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Long-Term Preservation of Oil Spill Events in Sediments: The Case for the Deepwater Horizon Oil Spill in the Northern Gulf of Mexico

  • Isabel C. RomeroEmail author
  • Jeffrey P. Chanton
  • Brad E. Roseheim
  • Jagoš R. Radović
  • Patrick T. Schwing
  • David J. Hollander
  • Stephen R. Larter
  • Thomas B. P. Oldenburg
Chapter

Abstract

Geochemical studies can provide a record of environmental changes and biogeochemical processes in sedimentary systems. Analytical methods are in need of high-throughput procedures targeting recalcitrant and multiple chemical species for delineating ecological patterns and ecosystem health. The goal of this chapter is to summarize the analytical methods, recalcitrant molecules and transformed organic material used in previous studies as chemical indicators of the impact and fate of Deepwater Horizon (DWH) oil residues in sediments. Further monitoring of recalcitrant molecules and transformed material will help to elucidate the long-term fate of the DWH weathered oil in sedimentary environments of the Gulf of Mexico (GoM).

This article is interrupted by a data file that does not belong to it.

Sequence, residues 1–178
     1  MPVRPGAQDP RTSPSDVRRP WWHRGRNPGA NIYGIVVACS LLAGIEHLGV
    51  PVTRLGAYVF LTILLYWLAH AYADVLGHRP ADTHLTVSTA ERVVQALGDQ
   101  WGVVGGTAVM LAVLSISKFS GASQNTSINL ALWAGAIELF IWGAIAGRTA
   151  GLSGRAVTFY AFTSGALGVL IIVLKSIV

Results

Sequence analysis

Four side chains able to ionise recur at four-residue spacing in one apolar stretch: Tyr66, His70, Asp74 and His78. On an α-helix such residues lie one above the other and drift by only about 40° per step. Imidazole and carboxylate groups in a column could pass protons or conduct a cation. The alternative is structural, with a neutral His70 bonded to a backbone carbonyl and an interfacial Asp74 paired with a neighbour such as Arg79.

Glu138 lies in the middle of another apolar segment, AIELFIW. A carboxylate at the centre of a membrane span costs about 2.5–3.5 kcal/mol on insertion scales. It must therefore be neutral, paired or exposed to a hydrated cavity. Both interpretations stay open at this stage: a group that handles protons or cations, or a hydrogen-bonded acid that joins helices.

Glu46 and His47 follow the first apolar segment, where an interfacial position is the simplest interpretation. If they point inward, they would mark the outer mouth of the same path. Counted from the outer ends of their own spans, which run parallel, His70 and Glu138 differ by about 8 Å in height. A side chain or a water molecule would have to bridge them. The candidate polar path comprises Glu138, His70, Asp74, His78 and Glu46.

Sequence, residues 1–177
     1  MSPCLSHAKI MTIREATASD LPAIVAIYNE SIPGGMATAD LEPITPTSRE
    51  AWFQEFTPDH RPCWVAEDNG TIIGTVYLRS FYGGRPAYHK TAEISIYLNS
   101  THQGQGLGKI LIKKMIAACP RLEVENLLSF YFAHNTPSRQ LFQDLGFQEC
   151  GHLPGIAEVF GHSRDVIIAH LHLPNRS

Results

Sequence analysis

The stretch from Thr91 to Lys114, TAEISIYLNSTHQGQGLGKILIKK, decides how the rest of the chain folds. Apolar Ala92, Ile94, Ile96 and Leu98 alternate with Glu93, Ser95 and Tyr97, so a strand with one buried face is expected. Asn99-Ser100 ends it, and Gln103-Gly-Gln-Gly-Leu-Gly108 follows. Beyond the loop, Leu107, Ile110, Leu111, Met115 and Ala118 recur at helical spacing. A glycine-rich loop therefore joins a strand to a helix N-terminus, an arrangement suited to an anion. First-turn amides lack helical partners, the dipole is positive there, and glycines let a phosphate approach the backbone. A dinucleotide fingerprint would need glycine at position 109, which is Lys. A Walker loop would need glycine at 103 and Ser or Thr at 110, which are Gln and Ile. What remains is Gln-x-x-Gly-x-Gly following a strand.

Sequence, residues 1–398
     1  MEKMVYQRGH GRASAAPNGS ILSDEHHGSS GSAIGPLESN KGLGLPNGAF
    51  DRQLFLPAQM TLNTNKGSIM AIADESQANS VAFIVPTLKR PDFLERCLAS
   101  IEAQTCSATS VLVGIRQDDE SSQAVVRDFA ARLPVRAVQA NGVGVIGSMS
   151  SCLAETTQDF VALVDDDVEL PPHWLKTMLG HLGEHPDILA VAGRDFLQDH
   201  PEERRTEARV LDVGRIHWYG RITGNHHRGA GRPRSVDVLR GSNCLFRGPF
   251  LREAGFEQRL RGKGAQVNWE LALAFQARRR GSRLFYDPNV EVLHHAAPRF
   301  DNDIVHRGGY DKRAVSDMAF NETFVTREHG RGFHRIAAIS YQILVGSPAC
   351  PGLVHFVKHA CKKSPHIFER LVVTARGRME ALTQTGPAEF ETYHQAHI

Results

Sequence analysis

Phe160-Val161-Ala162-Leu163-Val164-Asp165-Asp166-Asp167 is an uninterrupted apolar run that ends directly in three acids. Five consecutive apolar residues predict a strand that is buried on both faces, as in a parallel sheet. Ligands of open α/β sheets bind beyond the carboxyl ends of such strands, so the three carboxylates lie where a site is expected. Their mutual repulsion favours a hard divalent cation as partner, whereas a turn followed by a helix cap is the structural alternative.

Keywords

Deep-sea sediments GC/MS/MS-MRM Ramped pyrolysis Stable isotopes FTICR-MS 

Notes

Funding Information

This research was made possible by grants from The Gulf of Mexico Research Initiative through its consortia: The Center for the Integrated Modeling and Analysis of the Gulf Ecosystem (C-IMAGE), Ecosystem Impacts of Oil and Gas Inputs to the Gulf (ECOGIG), and Deep Sea to Coast Connectivity in the Eastern Gulf of Mexico (Deep-C).

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Copyright information

© Springer Nature Switzerland AG 2020

Authors and Affiliations

  • Isabel C. Romero
    • 1
    Email author
  • Jeffrey P. Chanton
    • 2
  • Brad E. Roseheim
    • 1
  • Jagoš R. Radović
    • 3
  • Patrick T. Schwing
    • 1
  • David J. Hollander
    • 1
  • Stephen R. Larter
    • 3
  • Thomas B. P. Oldenburg
    • 3
  1. 1.University of South Florida, College of Marine ScienceSt. PetersburgUSA
  2. 2.Department of Earth, Ocean and Atmospheric ScienceFlorida State UniversityTallahasseeUSA
  3. 3.Department of GeoscienceUniversity of Calgary, PRGCalgaryCanada

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